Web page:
SBD/January 24, 2011/Franchises

Atlanta Spirit Sues Law Firm For $200M Over Botched Thrashers Sale

Atlanta Spirit first wanted to sell the Thrashers after the '04-05 NHL lockout
The Atlanta Spirit ownership group on Friday filed a $200M malpractice lawsuit against King & Spalding LLP, alleging that "a 'flawed' contract written by an esteemed Atlanta law firm has prevented the sale" of the Thrashers for six years, according to Kristi Swartz of the ATLANTA CONSTITUTION. The suit, filed in Fulton County (Ga.) Superior Court, claims that the Thrashers have posted more than $130M in "operating costs since 2005 -- the year Boston-based partner Steve Belkin agreed to sell his 30 percent stake -- and the franchise value has dropped" by more than $50M. Atlanta Spirit contends the contract written by King & Spalding, drafted in August '05 for the buyout of Belkin, made the ownership group "unable to sell or otherwise dispose of" the Thrashers, which it first aimed to do after the '04-05 NHL lockout. The lawsuit claims that King & Spalding's contract "caused the buyout process to 'quickly break down into chaos,' costing seven of the partners $14.5 million in legal fees and forcing them to shovel more than $130 million into the Thrashers to keep the franchise afloat." The lawsuit, which does not name the Hawks or Philips Arena, "asks for a jury trial." Atlanta Spirit "wants compensatory and consequential damages, as well as punitive damages, pre-judgment interest and attorneys fees" (ATLANTA CONSTITUTION, 1/22). Atlanta Spirit co-Owner Michael Gearon Jr. in a statement said the suit "will have no effect" on the Thrashers and Hawks (THE DAILY). Alston & Bird LLP attorney Steve Collins, who is representing King & Spalding, said, "King & Spalding and its lawyers acted appropriately and the suit is without merit" (BIZJOURNALS.com, 1/21).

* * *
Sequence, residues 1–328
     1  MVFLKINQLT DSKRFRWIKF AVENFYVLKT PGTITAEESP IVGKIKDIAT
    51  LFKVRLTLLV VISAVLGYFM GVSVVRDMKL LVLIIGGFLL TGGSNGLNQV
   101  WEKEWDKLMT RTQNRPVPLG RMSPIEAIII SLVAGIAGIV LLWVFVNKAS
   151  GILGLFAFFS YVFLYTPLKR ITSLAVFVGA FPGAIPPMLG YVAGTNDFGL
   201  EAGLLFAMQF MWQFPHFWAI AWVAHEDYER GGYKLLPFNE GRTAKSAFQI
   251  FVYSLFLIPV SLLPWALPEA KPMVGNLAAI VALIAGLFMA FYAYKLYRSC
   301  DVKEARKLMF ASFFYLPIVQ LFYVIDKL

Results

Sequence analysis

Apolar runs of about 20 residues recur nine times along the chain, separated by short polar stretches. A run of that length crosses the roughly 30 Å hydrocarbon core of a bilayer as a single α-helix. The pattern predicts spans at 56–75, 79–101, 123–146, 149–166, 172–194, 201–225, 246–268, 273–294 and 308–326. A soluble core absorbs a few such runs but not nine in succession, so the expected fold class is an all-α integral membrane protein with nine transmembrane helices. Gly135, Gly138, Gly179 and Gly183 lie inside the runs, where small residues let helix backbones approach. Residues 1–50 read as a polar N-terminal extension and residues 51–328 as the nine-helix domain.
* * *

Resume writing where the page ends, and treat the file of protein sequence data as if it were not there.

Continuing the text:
TRUTH & LIES: In Atlanta, Bill Tiller noted Atlanta Spirit "denied" several times that it was looking to sell the Thrashers, "only to reveal in court documents recently that they had indeed looked to do just that." Atlanta fans should not be "terribly shocked to learn that one of … if not THE … most dysfunctional collection of businessmen ever to own a sports franchise actually dared to speak untruths to their paying population." Tiller: "Given that those who make up this mess of an ownership have done enough damage to this franchise since acquiring it, the best thing for the franchise and its fans is for them to find a new buyer and stop doing more damage" (AJC.com, 1/22). Also in Atlanta, Jeff Schultz wrote, "They told you they cared. They lied. ... They told you not to pay attention to any of those rumors of the Thrashers being for sale, although they eventually admitted begrudgingly that, yes, they were looking for 'investors.' They lied." Now the owners "can't figure out how they’ve burned so many bridges in this town why fans still feel too angry or worn down to show up for a pretty decent team." Schultz: "If Atlanta loses its second NHL franchise, it won’t be because the sport failed here. It will be because ownership and management failed" (AJC.com, 1/21).
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Franchises, Atlanta Thrashers, Hockey

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